In recognition of her contributions and the impact of the Grand Challenges for Social Work, the American Academy of Social Work and Social Welfare (AASWSW) recently named Dean Eddie Uehara as an inaugural honorary fellow. According to the AASWSW, “The honorary fellow status is reserved for a very small number of major figures in social work who have uniquely supported the founding and development of AASWSW and the Grand Challenges for Social Work initiative.”
In her congratulatory letter to Dean Uehara, AASWSW President Sarah Gehlert noted: “We are truly delighted to recognize your seminal contributions to AASWSW and its activities. In addition to your remarkable stature in the field of social work scholarship, research and education, you have played a major role in supporting and launching the Grand Challenge concept and in your leadership of the Grand Challenge Executive Committee.”
The induction ceremony for newly elected fellows will be held at the Society for Social Work and Research (SSWR) annual conference in Washington, D.C., on January 12, 2018.
Since first proposing the idea of Grand Challenges for Social Work at a 2012 gathering co-sponsored by the UW School of Social Work and serving on the initiative’s executive committee since its inception, Dean Uehara has been closely associated with this far-reaching effort to explore innovative cross-sector approaches to strengthening the social fabric.
Uehara currently serves as one of three co-chairs of the Grand Challenges executive committee; other founding members of the committee include UW social work professors Karina Walters and J. David Hawkins. Dean Uehara was president of SSWR when the Grand Challenges were formally launched at the 2016 SWWR annual conference (pictured above).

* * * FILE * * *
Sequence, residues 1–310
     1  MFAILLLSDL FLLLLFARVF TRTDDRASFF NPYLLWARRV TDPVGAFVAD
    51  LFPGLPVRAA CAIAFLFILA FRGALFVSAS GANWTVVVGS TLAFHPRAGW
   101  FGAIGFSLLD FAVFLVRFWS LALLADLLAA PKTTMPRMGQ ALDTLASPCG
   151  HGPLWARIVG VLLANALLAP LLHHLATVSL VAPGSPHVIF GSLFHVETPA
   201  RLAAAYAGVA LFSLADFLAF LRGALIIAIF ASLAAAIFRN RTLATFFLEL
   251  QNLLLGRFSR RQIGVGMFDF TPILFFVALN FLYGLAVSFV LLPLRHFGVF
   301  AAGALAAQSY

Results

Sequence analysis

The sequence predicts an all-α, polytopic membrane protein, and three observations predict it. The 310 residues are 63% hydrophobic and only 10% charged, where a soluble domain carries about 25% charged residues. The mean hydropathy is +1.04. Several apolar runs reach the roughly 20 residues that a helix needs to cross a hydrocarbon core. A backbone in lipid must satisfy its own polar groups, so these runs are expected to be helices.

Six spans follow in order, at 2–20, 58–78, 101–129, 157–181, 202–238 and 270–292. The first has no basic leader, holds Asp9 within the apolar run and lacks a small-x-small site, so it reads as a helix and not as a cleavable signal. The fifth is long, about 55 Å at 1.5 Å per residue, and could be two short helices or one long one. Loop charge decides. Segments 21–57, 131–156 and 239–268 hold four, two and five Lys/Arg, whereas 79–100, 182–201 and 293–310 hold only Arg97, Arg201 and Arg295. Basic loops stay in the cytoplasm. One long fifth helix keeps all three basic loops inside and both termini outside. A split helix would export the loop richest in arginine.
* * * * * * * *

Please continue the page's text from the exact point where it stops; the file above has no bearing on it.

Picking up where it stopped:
In a short time, the Grand Challenges initiative has drawn the participation of hundreds of schools and thousands of faculty and has led to scores of conferences, books, and articles.
The School’s faculty and students have been deeply involved in exploring and developing the collaborative, science-based Grand Challenges approach, and School faculty co-lead four of the Grand Challenges: Jennifer Romich (Reduce Extreme Economic Inequality), Susan Kemp (Create Social Responses to a Changing Environment), Karina Walters (Close the Health Gap), and J. David Hawkins and Richard F. Catalano, Jr. (Ensure Healthy Development for All Youth).
As part of the Grand Challenge for youth development, the School is leading the Communities in Action initiative in Southeast and Central Seattle, which is serving as a model for how to take a Grand Challenge from concept to implementation. In 2014, faculty and students from the School began working with a broad coalition of community-based agencies, governmental partners, and funding agencies to apply the evidence-based Communities That Care prevention model in communities. Since that time, Communities in Action has reduced the incidence and prevalence of behavioral health problems among children, adolescents, and young adults in Southeast and Central Seattle by 20%.
UW School of Social Work researchers have also authored papers on topics related to all 12 of the Grand Challenges.